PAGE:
The Irishmen who fought for the pope
An Irishman’s Diary on the volunteers for Pope Pius IX
Approximately a thousand Irishmen answered the call and travelled to Italy to fight for Pope Pius IX against the forces of King Victor Emmanuel who wanted to unify Italy in a process known as the Risorgimento.
It may have slipped slightly out of public memory, but just a little over 150 years ago, a call went out in churches and parishes around Ireland for Irishmen to fight for the pope. Approximately a thousand Irishmen answered the call and travelled to Italy to fight for Pope Pius IX against the forces of King Victor Emmanuel who wanted to unify Italy in a process known as the Risorgimento.
Of course, it was not unusual for Irishmen to fight in foreign armies on the Continent. For centuries, significant numbers of Irishmen had made their way to Europe to fight on battlefields in the Netherlands, France, Spain and Germany. We only have to look at the so-called “wild geese” for a well-known example of this, or think of names such as Lally and Dillon, which have become synonymous with the Irish who fought in Europe.
However, it was unusual for Irishmen to go and fight for one specific cause, as they did when they formed the Irish Papal Brigade in the summer of 1860. What also marked these men apart was that they were not, by and large, trained soldiers, but rather worked as farmers, labourers and in the professions. A small percentage of them had rudimentary military training, while some had served in the British army. They also counted a small number of RIC men among their ranks.
They were recruited to defend the Papal States from the forces of Italian unification. The Papal States, which had been run by the pope from around the 8th century, were a vast stretch of land in central Italy, which includes modern-day regions such as Umbria, Lazio, Marche, as well as parts of Emilia-Romagna. In terms of size, they covered an area of land that would take in Munster and Connacht combined. The reigning pope was the de jure ruler of this state, but by all accounts, it was not very well run and its inhabitants were, therefore, delighted at the prospect of being part of a unified Italy.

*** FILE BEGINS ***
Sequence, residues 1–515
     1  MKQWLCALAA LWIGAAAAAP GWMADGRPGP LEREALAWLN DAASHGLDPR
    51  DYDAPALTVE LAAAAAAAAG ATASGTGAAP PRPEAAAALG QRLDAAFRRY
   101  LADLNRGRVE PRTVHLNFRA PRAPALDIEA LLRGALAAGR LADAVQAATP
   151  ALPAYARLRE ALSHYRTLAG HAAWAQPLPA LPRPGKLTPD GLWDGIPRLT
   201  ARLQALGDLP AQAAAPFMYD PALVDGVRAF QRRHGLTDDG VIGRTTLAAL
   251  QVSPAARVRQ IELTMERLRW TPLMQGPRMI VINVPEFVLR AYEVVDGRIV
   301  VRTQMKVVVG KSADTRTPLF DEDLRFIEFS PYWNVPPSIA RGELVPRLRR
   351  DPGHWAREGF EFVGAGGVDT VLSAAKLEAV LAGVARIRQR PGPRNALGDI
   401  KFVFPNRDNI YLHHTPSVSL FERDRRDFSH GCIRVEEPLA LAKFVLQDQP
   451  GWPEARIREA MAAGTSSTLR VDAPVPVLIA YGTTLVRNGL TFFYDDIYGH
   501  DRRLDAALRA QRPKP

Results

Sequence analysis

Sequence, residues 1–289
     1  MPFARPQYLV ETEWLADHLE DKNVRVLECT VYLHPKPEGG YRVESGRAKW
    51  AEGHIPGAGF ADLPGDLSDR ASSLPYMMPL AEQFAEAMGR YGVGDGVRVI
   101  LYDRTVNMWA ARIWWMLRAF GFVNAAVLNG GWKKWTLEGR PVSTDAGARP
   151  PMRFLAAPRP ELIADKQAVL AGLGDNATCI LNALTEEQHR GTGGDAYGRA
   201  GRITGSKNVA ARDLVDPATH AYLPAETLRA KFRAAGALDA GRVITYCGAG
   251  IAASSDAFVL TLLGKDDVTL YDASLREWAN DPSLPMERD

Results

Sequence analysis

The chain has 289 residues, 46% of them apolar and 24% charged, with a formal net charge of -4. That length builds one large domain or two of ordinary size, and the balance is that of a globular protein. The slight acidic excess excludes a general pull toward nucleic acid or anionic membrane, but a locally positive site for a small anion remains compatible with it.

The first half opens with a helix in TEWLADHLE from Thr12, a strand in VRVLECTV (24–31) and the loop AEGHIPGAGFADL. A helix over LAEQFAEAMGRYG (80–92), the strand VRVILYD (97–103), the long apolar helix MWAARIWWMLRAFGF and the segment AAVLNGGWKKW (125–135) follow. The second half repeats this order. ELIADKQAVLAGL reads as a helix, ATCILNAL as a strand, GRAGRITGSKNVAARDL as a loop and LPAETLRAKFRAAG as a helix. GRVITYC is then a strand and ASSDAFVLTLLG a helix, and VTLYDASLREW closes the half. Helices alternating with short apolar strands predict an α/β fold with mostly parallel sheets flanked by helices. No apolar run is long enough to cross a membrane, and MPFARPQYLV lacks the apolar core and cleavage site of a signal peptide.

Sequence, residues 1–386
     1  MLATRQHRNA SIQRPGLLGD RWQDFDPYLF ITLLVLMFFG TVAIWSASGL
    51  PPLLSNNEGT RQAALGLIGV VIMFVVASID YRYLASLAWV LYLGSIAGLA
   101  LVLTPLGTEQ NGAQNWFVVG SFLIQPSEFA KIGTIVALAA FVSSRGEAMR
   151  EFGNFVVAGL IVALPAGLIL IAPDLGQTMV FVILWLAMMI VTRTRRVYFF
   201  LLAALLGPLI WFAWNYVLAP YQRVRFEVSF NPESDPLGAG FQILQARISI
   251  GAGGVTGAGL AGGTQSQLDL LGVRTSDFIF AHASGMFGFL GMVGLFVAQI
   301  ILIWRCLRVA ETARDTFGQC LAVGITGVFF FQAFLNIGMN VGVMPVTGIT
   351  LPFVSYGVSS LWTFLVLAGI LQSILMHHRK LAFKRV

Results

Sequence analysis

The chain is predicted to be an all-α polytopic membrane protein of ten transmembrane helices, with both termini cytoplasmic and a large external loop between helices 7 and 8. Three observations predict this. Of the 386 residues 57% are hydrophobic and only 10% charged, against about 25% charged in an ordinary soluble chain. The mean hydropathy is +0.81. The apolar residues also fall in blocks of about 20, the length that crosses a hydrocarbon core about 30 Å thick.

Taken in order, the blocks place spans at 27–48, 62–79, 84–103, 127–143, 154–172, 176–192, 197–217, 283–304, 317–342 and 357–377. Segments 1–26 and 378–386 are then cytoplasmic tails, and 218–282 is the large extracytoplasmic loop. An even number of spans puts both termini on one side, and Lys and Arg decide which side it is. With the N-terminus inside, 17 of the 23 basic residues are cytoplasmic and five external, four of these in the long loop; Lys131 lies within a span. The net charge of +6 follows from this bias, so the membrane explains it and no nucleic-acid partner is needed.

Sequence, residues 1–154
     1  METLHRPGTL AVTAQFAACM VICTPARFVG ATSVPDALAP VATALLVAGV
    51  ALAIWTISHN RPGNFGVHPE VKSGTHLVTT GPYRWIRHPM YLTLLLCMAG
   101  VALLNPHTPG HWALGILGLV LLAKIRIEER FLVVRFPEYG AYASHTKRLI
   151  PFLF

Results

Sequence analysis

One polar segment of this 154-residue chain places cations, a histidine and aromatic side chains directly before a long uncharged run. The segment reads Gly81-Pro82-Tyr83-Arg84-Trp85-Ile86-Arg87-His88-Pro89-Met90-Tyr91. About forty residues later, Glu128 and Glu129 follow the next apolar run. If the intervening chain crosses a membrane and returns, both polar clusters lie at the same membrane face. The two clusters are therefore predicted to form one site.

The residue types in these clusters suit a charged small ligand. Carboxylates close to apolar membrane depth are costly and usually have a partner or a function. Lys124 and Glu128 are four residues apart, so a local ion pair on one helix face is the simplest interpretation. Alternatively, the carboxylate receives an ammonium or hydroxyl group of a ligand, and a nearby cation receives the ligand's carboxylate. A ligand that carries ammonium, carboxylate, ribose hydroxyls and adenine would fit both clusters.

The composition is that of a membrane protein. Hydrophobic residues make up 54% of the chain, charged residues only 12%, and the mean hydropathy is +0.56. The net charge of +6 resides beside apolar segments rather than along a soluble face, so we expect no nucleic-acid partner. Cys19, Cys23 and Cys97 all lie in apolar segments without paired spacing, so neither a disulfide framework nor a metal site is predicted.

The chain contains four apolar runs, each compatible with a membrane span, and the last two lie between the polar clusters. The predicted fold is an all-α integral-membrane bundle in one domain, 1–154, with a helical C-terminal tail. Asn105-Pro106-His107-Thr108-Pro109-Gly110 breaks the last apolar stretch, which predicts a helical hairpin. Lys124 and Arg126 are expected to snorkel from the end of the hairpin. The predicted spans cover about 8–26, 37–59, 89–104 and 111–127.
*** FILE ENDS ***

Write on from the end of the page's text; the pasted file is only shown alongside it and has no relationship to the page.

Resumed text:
The call for volunteers was made at Masses and meetings all over Ireland, where the case was made for men to go and defend the pope’s temporal authority. Collections were also made around the country and the money raised was sent to Rome to help the effort financially. A list of sums donated was kept and regularly recorded on the front pages of many newspapers, perhaps to gently encourage others to do likewise.
It was difficult for volunteers to travel to Italy directly because of the Foreign Enlistment Act, which barred British subjects from enlisting in foreign armies. To reach there safely, they often travelled in a circuitous route and gave their reason for travel as pilgrimage or said that they were travelling for work. In one case, a group of men from Limerick sailed to Wales, from where they took a train to London. They then sailed on to Belgium and travelled by rail through Germany and Austria, encountering well-wishers at stations along the route. It’s said that at one town near Vienna, 20,000 people tuned out to see them.
Grandiose promises were made in Ireland before the men set off for the Continent, including one that they would fight in a single brigade under Irish officers.
However, when they arrived in Italy, the men were divided up and put in different units with other volunteers from France, Italy, Austria, Switzerland and Belgium.
At first, living conditions were poor and uniforms and weapons consisted of outdated surplus stock. They quickly set about training and drilled regularly for some months. War eventually broke out in September 1860 when Piedmontese troops made an incursion into the Papal States. Hostilities lasted for just 18 days.
The reality was that the papal army was spectacularly ill-prepared and ill-equipped, and could not put up any sort of sustained defence against the well-equipped professional soldiers they encountered. The Irish fought in several battles against the troops of the Risorgimento, notably in Perugia, Spoleto, Castelfidardo and Ancona.
After the war, the Irish volunteers were rounded up and eventually transported back to Ireland, arriving into Queenstown (Cobh) from Le Havre on November 3rd, 1860. Church authorities were divided around how to mark the men’s return. Cork’s tailors made up a thousand tweed suits, which were distributed to replace the worn uniforms that the men were wearing. A crowd of locals gathered to welcome them and bands played on boats alongside, as a unique chapter in papal and Irish history ended at Cobh.